Tune in to CNN or follow along at CNN.com for developments.
New details about the deadly train crash and explosion in Lac-Megantic, Quebec is raising new questions this morning.
At least 15 people are now confirmed dead and 35 remain missing after the runaway train loaded with 72 tankers of crude oil derailed and exploded, obliterating the center of the town.
Initially reported as an accident, the crash is now being investigated as a possible criminal act.
CNN’s Paula Newton has details.
“It's clear police want to preserve the heart of what is now a crime scene,” Newton reports. “They've asked firefighters to stop dousing it with water. They have dozens of investigators combing through what little is left.”
Police are revealing little about what evidence they’ve uncovered from the catastrophe, but they are not convinced it was purely an accident.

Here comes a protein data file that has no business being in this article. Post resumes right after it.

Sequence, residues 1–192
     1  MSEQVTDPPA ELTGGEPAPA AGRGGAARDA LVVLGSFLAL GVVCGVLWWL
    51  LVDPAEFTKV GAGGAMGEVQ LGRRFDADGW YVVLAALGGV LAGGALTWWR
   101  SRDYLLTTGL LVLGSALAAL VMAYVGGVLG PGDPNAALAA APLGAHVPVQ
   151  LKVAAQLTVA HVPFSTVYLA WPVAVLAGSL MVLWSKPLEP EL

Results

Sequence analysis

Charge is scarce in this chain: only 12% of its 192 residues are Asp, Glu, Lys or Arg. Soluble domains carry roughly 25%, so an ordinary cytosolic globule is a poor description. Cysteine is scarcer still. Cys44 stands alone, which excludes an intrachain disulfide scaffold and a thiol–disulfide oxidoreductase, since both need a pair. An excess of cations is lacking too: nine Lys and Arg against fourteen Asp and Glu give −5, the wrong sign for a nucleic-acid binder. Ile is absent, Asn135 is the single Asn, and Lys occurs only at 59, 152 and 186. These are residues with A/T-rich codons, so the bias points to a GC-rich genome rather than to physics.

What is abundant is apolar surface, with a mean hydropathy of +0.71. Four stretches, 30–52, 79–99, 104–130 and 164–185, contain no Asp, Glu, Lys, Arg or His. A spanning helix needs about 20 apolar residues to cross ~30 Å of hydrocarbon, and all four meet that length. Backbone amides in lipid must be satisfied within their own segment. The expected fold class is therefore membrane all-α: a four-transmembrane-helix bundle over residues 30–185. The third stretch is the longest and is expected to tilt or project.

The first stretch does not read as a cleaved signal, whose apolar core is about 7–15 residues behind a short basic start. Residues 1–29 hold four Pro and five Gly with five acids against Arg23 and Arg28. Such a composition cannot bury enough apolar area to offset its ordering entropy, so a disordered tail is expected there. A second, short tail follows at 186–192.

"Namely there are pieces that lead us to believe that there are certain facts that might lead to criminal acts,” says Captain Michel Forget of the Quebec Provincial Police.
The chaos is ongoing this morning in Egypt, where both sides continue to argue over who was responsible for Monday's deadly shooting outside the Republican Guard headquarters.
More than 50 are now dead, and hundreds injured.
The question at large: Did the military open fire without warning? Or was it stopping a terror attack?
The interim president is launching an investigation, at the same time also outlining a timetable for new elections.
Reza Sayah is live in Cairo with details.